The main hindrance to developing free and fair elections in Nigeria appears to be the judiciary, as highlighted by the Presidential Elections Petitions Court (PEPC). Their focus on declaring winners rather than ruling to improve processes is injurious to the enhancement of democracy. Their evident unpreparedness to consider issues relating to transparency, fairness, and justice has caused nationwide disaffection and turned Nigerians against themselves. Their pedantic interpretation of law and concentration on technicalities frustrate the development of an unimpeachable election process.
It is trite that Democracy belongs to the people, not to a compromised electoral body, a corrupt political class, or an unprincipled Judiciary all of whom have all contributed their fair share in undermining it. It’s really no surprise that the turnout for the 2023 presidential election was an all-time low of 27% as Nigerians massively declined to waste their time and money voting.
It has long been a source of concern for political stakeholders and international observers, that Nigerians firmly believe that votes cast mean nothing as results are routinely manipulated and there is nothing free or fair about their elections. This time around the Independent National Electoral Commission (INEC) Chairman raised false hopes that things would be better. He promised that the use of the Bimodal Voters Accreditation System (BVAS) and live transmission of results would guarantee results to be totally transparent and allow all interested parties to collate totals by themselves.
Despite the nation’s dire financial situation, INEC’s budget for the purchase and supply of BVAS machines which surpassed market cost by 30 percent was approved. Although the machines cost well over N100 billion, at the end of the day in a judgement that set Nigerian democracy irretrievably, the PEPC ruled that INEC are under no obligation to use them!
Nigerian judges could do well to always keep in mind a famous quote by legendary British Judge and Master of the Rolls Lord Denning. He pointed out that inscribed outside the famous Old Baily Court in London were the words “Temple of Justice” not “Courts of Law” and in compliance with this he would not permit any defendant to use the law to escape justice in his Court!
Arguments about justice or fairness involve morality and ethics, not a simplistic interpretation of legal statutes. Justice refers to giving each person what he or she deserves, while fairness refers to an ability to judge without reference to personal feelings or interests. With PEPC judges struggling to justify their conclusions by making political comments, it’s open to debate as to whether either justice or fairness was served by their judgement which endorsed INEC’s lapses and reversed the gains from the amendment of electoral laws.
By overlooking and in some cases justifying INEC’s failures, lack of cooperation with petitioners, and withholding of evidence, the PEPC undermined any pretence of impartiality, justice, and fairness spurning an opportunity to instigate electoral reforms. Nigerian Presidential elections involve three parties; the candidates, INEC, and the PEPC. Candidates cannot logically be held liable for the shambolic conduct of elections or the ills of INEC. Candidates are not responsible for counting votes, preparing results, declaring winners, or judging petitions. Even if allegations of INEC officials and judges being bribed are true, blame should be placed squarely at the doorstep of the bribe receivers, not at that of the bribe-giving candidates.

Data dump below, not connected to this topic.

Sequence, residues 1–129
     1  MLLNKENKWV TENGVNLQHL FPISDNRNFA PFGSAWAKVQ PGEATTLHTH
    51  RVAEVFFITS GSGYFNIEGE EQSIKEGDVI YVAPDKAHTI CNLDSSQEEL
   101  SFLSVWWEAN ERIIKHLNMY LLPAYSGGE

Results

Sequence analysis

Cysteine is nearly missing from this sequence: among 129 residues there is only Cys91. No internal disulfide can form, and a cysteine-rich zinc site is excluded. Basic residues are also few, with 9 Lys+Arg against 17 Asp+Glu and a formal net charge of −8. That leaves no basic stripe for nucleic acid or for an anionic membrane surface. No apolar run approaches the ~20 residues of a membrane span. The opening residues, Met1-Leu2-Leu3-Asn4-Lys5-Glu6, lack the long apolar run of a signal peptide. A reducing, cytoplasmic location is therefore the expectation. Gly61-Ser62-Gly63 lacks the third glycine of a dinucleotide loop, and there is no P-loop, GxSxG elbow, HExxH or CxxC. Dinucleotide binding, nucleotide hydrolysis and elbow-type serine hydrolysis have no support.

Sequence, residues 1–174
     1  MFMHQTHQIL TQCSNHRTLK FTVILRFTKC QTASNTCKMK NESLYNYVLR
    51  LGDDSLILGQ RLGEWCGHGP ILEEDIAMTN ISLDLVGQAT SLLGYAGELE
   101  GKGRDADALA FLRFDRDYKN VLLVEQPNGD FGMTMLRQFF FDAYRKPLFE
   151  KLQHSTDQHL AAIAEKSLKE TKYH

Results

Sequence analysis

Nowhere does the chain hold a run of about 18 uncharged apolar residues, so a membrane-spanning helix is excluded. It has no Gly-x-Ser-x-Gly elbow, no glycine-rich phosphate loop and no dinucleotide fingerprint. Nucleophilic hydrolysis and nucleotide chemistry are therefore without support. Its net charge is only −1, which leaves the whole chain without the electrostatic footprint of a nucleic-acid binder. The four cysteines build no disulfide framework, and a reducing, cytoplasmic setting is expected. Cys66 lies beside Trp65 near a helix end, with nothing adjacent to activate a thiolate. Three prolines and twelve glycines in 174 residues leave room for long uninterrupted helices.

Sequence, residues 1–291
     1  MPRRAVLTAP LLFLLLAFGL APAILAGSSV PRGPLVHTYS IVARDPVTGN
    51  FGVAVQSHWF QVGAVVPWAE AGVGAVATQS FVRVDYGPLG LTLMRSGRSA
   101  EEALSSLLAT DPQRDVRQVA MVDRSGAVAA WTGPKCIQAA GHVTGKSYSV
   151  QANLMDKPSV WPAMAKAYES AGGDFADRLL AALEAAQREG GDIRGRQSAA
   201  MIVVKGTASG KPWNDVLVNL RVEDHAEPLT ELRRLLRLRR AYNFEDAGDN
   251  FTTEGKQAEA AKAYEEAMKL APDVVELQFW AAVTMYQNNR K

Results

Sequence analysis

In truth, judges have opened themselves to odium and public abuse for perverse pronouncements and rogue rulings which lack integrity, rigour, erudition, and gravitas. This time around in an unduly long and tiresome judgement, the PEPC could not rise above the mundane. They focused excessively on technicalities and ignored substantive flaws and misconduct by INEC. It made no sense that while proceedings were not televised, the judgment was. If the PEPC had nothing to hide, they would not have objected to live broadcast of proceedings. Their modus operandi and final judgment merely served to confirm that openness, transparency, and accountability of public officials are of no importance in the conduct of Nigerian presidential elections.
There is little to be gained by the Supreme Court overturning the PEPC’s verdict, but a lot to be gained in the reversal of some of the illogical assertions they made. Even a first-year student of logic knows that conclusions must be supported by valid premises, yet the PEPC pronounced so many conclusions with no valid supporting premises. It is important that the apex court recommends alteration of relevant laws to ensure that the burden of proof lies with INEC which must demonstrate proper conduct of the election.
It is illogical for state election tribunals to admit irregularities and sack senators or members of the House of Representatives while the PEPC claims that these irregularities could not have “substantially affected” the results of presidential elections held simultaneously in the same areas! The decision by opposition leaders not to concede defeat should be of little consequence. Although it’s their constitutional right, it’s quite illogical for them to assert that the election was neither free nor fair, while at the same time asserting that they won!
In light of video evidence and reports by both foreign and local election observers which were ridiculously cast aside by the PEPC, they should have pressed for a re-run. All said and done it was NEC and the Judiciary that were on trial, not the candidates, and with all due respect, they are both guilty in the court of public opinion.